Fighting for RI fisheries
To the Editor:
Candidate for the Second RI Congressional District Sal Caiozzo recently returned from Washington, D.C., where he advocated for the Magnusson Stevens Fisheries Conservancy Act on behalf of Rhode Island fisherman before the Senate Commerce, Science and Transportation Committee.
First enacted in 1976, the act fosters long-term biological and economic sustainability of our nation's marine fisheries out to 200 nautical miles from shore. Prior to 1976, waters beyond 12 miles were international waters and fished by other countries. The purpose of the act is to prevent over-fishing, rebuild over-fished stocks, increase social and economic benefits and ensure a safe and sustainable supply of seafood.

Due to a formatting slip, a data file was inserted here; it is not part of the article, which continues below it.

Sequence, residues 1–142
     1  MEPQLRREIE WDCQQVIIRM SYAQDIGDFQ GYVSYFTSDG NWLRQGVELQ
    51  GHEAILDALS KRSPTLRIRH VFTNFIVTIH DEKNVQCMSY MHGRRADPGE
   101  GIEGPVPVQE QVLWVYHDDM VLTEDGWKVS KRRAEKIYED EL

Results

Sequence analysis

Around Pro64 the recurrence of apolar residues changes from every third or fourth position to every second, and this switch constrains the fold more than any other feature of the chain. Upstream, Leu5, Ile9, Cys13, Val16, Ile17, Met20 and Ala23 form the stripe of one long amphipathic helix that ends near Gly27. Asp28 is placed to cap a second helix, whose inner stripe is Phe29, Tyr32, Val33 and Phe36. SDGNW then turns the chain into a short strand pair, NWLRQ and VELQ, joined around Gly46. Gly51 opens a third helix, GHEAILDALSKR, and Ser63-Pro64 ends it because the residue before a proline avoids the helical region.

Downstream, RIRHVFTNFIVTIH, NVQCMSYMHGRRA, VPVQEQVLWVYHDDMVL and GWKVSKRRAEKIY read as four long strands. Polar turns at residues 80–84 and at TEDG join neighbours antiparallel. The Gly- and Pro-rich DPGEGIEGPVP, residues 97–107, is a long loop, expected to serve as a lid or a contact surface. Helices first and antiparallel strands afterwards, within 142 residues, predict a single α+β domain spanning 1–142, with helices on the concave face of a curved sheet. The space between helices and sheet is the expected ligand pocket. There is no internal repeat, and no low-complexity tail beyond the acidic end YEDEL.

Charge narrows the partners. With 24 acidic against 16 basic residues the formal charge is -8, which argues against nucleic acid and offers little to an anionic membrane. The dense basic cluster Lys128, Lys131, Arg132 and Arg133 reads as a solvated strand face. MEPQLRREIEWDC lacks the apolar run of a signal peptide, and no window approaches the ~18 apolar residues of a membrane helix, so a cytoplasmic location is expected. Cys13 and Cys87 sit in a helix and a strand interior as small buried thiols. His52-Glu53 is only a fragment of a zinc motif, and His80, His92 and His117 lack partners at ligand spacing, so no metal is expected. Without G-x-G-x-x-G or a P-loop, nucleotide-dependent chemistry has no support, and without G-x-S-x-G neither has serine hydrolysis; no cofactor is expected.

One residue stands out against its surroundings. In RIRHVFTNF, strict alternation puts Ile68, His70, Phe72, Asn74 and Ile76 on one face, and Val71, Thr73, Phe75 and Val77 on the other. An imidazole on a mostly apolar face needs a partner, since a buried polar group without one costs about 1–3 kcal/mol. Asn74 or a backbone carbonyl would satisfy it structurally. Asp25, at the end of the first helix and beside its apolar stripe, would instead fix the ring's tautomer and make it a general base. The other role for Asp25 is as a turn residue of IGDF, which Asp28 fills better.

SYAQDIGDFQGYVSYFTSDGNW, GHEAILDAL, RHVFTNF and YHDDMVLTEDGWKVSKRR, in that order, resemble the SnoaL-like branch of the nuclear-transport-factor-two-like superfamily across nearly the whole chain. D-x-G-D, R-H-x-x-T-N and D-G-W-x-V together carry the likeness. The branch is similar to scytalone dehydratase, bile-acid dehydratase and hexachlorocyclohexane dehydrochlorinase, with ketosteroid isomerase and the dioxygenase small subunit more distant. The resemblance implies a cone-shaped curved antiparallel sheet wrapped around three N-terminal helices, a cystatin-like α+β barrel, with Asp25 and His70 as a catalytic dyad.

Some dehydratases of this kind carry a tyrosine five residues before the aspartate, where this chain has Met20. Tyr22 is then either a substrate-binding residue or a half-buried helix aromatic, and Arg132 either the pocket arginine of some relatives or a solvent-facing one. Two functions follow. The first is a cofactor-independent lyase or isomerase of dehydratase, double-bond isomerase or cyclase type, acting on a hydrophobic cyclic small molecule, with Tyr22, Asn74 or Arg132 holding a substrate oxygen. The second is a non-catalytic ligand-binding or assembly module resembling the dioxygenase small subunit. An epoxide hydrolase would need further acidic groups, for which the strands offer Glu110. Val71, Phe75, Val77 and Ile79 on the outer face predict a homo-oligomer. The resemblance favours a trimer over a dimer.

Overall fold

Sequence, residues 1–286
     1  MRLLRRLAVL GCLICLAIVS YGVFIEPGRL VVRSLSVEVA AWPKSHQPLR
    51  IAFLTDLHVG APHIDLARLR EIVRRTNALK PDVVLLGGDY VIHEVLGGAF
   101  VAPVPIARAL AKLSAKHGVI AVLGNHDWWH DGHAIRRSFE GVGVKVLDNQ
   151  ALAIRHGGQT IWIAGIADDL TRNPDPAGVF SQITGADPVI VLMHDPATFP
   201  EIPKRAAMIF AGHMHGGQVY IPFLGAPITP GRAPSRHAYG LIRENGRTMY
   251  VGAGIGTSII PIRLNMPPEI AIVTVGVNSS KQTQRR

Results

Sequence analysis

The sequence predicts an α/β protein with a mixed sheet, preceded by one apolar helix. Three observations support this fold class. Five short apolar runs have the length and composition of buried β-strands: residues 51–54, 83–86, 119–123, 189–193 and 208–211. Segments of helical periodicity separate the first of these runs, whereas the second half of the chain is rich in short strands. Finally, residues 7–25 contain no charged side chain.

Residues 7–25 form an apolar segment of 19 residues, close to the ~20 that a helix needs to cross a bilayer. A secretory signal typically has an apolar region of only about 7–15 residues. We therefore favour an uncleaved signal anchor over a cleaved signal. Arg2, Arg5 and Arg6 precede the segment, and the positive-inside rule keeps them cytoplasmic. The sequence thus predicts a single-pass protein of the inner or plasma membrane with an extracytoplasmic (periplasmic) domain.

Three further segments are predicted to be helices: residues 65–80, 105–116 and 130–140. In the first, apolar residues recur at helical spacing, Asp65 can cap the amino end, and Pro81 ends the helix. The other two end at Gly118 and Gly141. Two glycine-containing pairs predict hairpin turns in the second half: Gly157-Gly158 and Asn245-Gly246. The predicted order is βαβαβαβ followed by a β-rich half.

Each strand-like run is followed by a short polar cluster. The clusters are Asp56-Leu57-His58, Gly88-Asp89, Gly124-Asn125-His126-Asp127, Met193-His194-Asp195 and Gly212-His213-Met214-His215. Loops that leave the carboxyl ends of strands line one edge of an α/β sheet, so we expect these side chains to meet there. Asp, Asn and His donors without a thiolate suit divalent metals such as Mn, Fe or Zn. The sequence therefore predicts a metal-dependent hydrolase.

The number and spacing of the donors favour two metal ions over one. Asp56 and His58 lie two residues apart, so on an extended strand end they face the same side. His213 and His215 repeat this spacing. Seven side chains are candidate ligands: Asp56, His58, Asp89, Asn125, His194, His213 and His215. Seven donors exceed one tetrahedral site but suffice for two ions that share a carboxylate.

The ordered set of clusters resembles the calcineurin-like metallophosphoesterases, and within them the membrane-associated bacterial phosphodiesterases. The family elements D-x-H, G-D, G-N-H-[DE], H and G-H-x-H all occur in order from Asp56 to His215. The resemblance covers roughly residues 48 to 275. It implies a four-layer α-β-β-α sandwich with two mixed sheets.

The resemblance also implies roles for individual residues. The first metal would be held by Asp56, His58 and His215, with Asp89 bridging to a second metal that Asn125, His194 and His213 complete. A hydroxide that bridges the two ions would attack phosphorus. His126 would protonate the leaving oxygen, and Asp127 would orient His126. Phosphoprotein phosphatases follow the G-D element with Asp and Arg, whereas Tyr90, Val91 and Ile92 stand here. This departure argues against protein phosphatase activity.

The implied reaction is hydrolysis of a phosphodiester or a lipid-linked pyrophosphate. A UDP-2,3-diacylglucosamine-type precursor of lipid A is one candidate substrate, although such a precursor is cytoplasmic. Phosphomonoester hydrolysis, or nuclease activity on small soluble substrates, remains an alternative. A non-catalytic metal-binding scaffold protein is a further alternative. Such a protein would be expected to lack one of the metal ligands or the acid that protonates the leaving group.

No current member of the RI delegation was in attendance. Even though Caiozzo is not yet in office, he was there fighting for the future. The fishing industry is a Rhode Island staple. Caiozzo believes the experience went well. He believes the current administration will make things better for the fishermen, but a lot more needs to be done. Ninety percent of seafood is imported, two percent of that is checked and 60 percent of that is discarded.
Food safety is imperative! It is a fact. "We don't need tainted food in our country," according to Caiozzo. "We need to take care of our consumers!"
"Keep in mind, also," adds Caiozzo, "imported seafood is largely grown overseas in deplorable conditions."
Russell E. Gundlach